Aejaie Franciscus’s story starts with a letter to Santa Claus at five years old, “I asked Santa, to make me a little girl for Christmas, as I was born a boy. To say the least, that present wasn’t under the tree, but it did set me on my life’s journey,” she recalled.
She endured bullying throughout high school and, with the support of her family, finished her transition before heading off to college in 1982. She moved to San Jose in 2004 and met her husband, Tony. The couple married during the “Summer of Love” in 2008.
“Other than the drag queens, people did not see much of this community. It was an underground community. It wasn’t until the last ten years that folks were seeing transgender folks in the LGBTQ community even,” Aejaie remembered, “I think it was about three years ago that the community saw representation at Pride events.”
Aejaie worked in the nonprofit arena for 20 years before being hired as the first transgender executive director of the Billy DeFrank Center. In an article from the Bay Area reporter, Aejaie mentioned that she was excited to start working, “This job offered me an opportunity to bring my personal life and professional life together. It’s like a coming out party.” This was the first job where she was able to speak about being transgender safely. She served as director from 2005 to 2008, during which time she spearheaded a HIV rapid testing program and worked with local schools to support kids dealing with homophobia.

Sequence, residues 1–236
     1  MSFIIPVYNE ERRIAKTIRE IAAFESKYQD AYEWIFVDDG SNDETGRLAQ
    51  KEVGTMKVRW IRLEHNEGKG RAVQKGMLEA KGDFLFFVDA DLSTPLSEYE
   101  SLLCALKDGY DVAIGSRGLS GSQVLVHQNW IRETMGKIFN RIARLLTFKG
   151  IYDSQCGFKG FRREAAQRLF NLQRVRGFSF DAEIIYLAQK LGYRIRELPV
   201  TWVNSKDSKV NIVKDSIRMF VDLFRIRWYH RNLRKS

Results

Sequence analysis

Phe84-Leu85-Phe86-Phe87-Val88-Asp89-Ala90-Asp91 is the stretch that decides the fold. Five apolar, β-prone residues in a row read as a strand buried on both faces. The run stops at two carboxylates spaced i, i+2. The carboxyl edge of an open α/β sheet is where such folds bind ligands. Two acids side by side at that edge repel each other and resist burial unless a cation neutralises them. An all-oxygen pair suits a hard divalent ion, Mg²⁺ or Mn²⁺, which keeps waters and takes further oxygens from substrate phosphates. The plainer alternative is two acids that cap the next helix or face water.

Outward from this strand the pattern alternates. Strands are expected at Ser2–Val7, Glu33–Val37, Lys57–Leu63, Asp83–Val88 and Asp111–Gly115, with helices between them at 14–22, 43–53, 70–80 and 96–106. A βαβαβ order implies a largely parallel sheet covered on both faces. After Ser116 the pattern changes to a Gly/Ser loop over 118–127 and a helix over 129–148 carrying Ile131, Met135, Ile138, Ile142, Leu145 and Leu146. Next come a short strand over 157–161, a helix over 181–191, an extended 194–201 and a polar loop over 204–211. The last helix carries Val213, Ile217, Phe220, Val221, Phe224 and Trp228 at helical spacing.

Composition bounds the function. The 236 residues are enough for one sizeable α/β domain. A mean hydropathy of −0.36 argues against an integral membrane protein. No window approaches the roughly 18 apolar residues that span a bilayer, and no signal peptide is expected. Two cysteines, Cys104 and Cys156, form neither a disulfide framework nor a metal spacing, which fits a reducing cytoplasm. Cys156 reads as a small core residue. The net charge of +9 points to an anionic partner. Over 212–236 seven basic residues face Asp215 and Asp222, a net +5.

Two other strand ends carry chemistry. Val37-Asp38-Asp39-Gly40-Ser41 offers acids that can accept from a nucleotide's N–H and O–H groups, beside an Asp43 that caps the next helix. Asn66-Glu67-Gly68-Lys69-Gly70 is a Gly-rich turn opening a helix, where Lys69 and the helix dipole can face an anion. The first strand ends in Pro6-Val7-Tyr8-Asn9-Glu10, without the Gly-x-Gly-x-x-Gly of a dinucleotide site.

Aejaie now owns the Carla’s Social Club, a space for transgender people to find resources for transitioning and get support among other transgender people.
“It will be interesting to see what happens once we come out of the pandemic, because the work we do is so social and interactive. We had events and discussion groups activities at Carla’s Salon that are online, but are more effective in person,” she explained about the local impact of the global COVID-19 crisis. “Other than discussion groups online, and anything else we can move online, there’s only so much social activity you can do. It’s hard to help girls pick out clothes online, you need to see someone in person to help them put together outfits. You need to see someone in person to give them a hug for support.”